Food plays an important role in family interaction. Family meals act as a protective factor for members in several senses (1,2). Cross-sectional and longitudinal studies have shown a positive relation between the frequency of family meals and healthy eating habits (3-6), with a positive impact on life satisfaction and satisfaction with food-related life (7,8). Other studies have shown an inverse relation between the frequency of family meals and body weight of parents and children (9), a relation that may protect against overweight and obesity (5), positively influencing life satisfaction and satisfaction with food-related life (7,8). Family meals are also often described as a moment of cohesion, sharing and communication: the family eat and talk, a flow of words and food. The family group unifies during mealtime. Cohesion is generated by eating together (1,5), which is associated with greater family support (4,8) and a more supportive home environment (10), constituting a protective factor for well-being, due to its positive association with social competences, future prospects and self-esteem (6,11,12). However, although the positive effect related to family meals is well established, it is less clear what aspects of the family eating habits relate to higher levels of life satisfaction and satisfaction with food-related life.

Nevertheless, previous research has consistently suggested that the frequency of family meals decreases substantially as adolescents move into young adulthood (10,11). The period of university studies is usually the first time youth take responsibility for their meals; therefore, this critical stage in the development of eating habits will affect their future health (13,14). Some studies in Chile, however, indicate that a significant number of students live with their parents during their university years and experience a higher degree of life satisfaction than their counterparts who study away from home (7,8). In addition, it has been reported that university students living with their family have more healthful eating habits (7,8,14-16), which relate to higher satisfaction with their life and food-related life and a lower prevalence of overweight and obesity (7,8).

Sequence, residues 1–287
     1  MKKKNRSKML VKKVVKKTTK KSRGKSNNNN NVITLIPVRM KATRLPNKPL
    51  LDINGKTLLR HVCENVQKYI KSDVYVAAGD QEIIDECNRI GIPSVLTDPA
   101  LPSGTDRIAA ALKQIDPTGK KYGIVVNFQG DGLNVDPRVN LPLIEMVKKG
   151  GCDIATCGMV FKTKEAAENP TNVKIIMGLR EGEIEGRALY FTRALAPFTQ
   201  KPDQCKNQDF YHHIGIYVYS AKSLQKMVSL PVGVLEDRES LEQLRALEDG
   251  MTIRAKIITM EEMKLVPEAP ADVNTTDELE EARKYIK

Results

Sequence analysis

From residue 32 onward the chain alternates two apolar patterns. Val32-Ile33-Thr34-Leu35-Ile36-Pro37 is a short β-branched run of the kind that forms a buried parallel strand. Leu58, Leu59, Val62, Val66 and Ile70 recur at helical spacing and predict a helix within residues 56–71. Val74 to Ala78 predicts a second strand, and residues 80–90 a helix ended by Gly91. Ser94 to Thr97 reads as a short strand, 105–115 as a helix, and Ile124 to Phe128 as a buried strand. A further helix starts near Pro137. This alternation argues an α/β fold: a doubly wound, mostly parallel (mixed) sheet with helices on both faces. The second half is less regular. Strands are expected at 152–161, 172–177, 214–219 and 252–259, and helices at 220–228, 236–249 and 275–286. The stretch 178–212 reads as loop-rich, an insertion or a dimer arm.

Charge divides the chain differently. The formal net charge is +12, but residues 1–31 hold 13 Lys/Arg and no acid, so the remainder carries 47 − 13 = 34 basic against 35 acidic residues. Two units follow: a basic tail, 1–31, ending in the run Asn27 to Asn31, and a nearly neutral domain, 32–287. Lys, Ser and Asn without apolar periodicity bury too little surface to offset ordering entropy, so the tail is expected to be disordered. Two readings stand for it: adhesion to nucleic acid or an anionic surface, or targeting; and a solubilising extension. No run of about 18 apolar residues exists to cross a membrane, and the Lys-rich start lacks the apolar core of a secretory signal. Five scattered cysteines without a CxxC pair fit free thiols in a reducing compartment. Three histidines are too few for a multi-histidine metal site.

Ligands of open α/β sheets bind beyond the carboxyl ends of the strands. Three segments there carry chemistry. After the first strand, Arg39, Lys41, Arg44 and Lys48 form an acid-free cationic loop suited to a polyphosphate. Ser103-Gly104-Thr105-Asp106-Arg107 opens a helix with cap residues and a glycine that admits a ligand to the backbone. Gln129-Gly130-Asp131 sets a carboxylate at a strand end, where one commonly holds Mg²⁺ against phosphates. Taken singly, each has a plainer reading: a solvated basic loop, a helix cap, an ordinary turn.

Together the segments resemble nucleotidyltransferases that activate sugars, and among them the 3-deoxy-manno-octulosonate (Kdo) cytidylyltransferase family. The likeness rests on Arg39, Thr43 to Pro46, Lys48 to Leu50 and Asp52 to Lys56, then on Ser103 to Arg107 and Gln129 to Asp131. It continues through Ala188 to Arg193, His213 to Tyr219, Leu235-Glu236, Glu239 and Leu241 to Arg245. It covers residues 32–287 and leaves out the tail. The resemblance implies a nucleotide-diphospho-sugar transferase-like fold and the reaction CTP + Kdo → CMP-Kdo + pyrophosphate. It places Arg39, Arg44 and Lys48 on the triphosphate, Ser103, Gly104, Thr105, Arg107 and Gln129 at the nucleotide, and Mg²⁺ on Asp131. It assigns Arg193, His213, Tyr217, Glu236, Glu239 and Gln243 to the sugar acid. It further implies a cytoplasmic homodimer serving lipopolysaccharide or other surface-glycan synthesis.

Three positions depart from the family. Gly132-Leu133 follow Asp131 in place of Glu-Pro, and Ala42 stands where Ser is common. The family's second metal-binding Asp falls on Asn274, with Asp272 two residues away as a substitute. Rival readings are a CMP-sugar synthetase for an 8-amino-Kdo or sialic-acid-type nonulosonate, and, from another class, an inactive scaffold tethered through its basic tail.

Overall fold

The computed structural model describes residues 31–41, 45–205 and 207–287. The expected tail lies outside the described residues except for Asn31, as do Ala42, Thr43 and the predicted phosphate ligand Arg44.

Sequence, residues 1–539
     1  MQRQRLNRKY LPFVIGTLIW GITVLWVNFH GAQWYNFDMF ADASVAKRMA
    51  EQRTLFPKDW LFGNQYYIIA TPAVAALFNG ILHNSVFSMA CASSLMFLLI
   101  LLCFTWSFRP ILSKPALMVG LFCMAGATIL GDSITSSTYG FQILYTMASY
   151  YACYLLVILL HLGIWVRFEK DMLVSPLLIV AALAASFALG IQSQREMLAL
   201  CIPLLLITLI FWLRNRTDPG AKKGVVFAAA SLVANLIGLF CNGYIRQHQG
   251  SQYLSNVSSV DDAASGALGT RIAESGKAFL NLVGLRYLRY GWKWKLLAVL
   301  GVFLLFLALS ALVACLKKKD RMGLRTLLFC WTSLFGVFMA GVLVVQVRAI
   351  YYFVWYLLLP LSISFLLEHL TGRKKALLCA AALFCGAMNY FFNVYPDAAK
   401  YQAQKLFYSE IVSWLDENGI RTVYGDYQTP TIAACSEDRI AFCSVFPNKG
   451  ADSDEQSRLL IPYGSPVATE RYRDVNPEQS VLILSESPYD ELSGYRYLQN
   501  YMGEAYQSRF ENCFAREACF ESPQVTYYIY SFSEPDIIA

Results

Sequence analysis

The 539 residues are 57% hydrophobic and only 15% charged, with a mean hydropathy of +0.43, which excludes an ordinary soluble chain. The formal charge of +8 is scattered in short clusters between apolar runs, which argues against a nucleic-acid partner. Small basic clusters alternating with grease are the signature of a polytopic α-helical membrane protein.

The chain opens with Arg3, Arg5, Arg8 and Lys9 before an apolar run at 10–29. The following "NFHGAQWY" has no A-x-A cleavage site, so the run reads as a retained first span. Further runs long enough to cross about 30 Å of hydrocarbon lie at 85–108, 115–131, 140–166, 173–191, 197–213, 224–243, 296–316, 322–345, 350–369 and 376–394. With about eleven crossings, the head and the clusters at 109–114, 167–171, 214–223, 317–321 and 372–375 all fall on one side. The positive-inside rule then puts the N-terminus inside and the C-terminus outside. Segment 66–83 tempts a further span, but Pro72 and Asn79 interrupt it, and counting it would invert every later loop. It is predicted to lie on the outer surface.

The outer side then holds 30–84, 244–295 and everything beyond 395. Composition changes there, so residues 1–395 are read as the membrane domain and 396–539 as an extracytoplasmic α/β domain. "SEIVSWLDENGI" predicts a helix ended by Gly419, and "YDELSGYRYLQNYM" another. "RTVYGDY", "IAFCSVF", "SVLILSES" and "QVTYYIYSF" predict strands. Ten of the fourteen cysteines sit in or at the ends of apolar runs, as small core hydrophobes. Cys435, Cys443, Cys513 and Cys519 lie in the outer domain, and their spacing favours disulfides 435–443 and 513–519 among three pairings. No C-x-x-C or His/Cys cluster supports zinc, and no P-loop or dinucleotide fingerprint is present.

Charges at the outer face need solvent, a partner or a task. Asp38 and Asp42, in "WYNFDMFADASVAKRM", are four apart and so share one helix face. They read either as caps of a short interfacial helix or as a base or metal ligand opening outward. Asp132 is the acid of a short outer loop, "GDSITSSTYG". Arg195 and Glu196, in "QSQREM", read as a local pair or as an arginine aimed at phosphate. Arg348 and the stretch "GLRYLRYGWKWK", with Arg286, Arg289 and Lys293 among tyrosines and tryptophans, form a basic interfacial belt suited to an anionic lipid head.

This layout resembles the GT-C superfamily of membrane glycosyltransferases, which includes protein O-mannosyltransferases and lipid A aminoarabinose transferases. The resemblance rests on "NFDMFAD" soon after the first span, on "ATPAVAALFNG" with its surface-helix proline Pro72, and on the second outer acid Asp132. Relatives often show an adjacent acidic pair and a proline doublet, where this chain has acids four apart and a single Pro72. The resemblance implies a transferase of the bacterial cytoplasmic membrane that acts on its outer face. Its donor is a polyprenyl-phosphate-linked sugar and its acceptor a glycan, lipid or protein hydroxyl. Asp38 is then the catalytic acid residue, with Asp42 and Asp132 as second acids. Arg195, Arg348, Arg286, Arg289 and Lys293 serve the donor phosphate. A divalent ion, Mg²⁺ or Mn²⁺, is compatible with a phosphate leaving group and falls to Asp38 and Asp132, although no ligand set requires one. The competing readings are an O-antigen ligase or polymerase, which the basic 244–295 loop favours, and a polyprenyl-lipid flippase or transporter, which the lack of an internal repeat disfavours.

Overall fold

However, individualized eating where people eat alone or separately from other family members is also occurring (5), and is frequent in the case of university students even when they live with their family during the study period due to scheduling incompatibilities (8,17). This implies that the positive or protective effect of family meals on young adults (like university students) associated with eating healthy behaviors (3,5,6) is being lost. Research has also shown that outcomes related to parental modeling in dietary behaviors and choices can be both positive and negative, depending on the parents' behaviors and the behaviors being copied (18). The family's sociodemographic characteristics also influence family meals and eating habits: the frequency and quality of family meals are associated with the level of family income (3,19) and parents' occupations (5), as well as with the children's ages (3,10,11) and genders (3,20), among others. However, a less studied aspect is whether different family eating habits and the family's sociodemographic characteristics can be expressed in terms of profiles of university students that may differ in their levels of life satisfaction, satisfaction with food-related like, family support and nutritional status.

Therefore, in this research a typology of university students from southern Chile was developed based on the perception of their family's eating habits. The types were characterized by the support they receive from their family, their level of life satisfaction and satisfaction with food-related life, nutritional status and sociodemographic characteristics. In this study, it is expected that family interaction around eating will be corroborated as being beneficial for university students (7,8).

 

Method

PARTICIPANTS

A non-probabilistic sample was comprised of 372 university students belonging to the six faculties of the Universidad de La Frontera in Temuco, Chile. The respondent distribution is representative of the total number of students in each faculty. The inclusion criterion was being a student enrolled at the Universidad de La Frontera at the time of the survey.

PROCEDURE

Students were contacted on campus and once they agreed to participate, they were asked to sign an informed consent prior to application of the survey. A trained surveyor administered the questionnaires personally, during October and November 2014, and proper procedures were followed to ensure respondent anonymity. Prior to the application of the survey, the questionnaire was validated by a preliminary test with 10% of the survey sample. The preliminary test was done using the same method of addressing the participants as in the definitive survey. As the validation of the instrument was satisfactory, no changes were required in either the questionnaire or the interview procedure. The Ethics Committee of the Universidad de La Frontera approved the study.

INSTRUMENTS